The Times, London
8 August 1955
Lublin, Poland -- Today a new chapter in human history was written when the Joint Anglo-Polish Space Programme announced the successful completion of the first manned flight into outer space.
Piloting 'Alpha,' the ground-to-orbit rocketplane, was Royal Aerospace Force Rocketman Enoch Powell. Piloting 'Beta,' the orbital spaceship, was Polish Spacewoman Hanna Reitsch.
The compound spacecraft remained in orbit for seven hours and forty-four minutes, during which time Spacewoman Reitsch separated 'Beta' and flew it a distance of 500 meters before returning and successfully redocking with 'Alpha.' The spacecraft made a total of five complete orbits of the Earth before Rocketman Powell successfully brought the reunited spacecraft back to the landing field north of Lublin.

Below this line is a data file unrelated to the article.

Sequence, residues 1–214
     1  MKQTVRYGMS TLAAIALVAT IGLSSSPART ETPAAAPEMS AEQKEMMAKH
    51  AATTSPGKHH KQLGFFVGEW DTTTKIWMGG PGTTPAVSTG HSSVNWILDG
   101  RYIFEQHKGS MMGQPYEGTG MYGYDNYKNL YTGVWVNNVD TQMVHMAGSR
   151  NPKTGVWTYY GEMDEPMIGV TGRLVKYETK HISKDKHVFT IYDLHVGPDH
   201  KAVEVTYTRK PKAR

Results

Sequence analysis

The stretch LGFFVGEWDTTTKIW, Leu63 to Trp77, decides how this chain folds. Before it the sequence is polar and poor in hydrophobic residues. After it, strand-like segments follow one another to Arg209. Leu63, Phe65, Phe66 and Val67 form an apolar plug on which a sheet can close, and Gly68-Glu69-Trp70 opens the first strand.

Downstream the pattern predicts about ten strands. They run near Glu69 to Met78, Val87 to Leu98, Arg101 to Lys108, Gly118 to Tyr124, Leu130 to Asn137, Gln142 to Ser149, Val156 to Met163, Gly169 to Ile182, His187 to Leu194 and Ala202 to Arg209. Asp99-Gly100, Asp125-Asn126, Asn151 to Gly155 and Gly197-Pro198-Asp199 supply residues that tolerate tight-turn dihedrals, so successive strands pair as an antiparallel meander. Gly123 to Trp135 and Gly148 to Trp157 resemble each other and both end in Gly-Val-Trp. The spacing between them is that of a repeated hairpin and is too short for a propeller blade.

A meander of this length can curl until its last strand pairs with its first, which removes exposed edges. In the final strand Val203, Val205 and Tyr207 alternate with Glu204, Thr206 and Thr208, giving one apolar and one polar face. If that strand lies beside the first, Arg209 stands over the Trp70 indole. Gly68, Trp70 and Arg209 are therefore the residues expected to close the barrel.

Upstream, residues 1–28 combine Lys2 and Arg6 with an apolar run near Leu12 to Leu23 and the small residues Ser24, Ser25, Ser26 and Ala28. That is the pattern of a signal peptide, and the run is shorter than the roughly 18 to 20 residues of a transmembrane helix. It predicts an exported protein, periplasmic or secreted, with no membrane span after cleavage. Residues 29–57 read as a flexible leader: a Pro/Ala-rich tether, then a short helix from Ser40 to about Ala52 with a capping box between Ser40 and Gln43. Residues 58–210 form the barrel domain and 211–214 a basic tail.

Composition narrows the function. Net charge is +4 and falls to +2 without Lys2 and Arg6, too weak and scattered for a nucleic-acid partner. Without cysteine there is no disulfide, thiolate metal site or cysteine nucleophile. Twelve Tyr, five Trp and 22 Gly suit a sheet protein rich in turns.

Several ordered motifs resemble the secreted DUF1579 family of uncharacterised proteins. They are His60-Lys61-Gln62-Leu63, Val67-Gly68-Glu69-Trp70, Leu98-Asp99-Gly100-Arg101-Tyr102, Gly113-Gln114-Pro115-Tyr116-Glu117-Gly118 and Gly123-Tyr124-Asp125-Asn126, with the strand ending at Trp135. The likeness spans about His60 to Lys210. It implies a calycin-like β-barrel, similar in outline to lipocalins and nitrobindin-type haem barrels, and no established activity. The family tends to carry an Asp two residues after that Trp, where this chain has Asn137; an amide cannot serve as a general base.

Polish President Edward Raczyński and Prime Minister Walter Citrine were both on hand in Lublin to welcome back the returning pilots. Mr. Citrine called the flight 'a triumph for Britain, Poland and the world' and Count Raczyński praised the courage of the pilots and the ingenuity of the scientists and engineers of the Project.
Project Director Werner von Braun confirmed that a second test flight is scheduled for October. Plans call for a series of flights next year to begin construction of a space station which will serve as a base for an eventual expedition to the moon.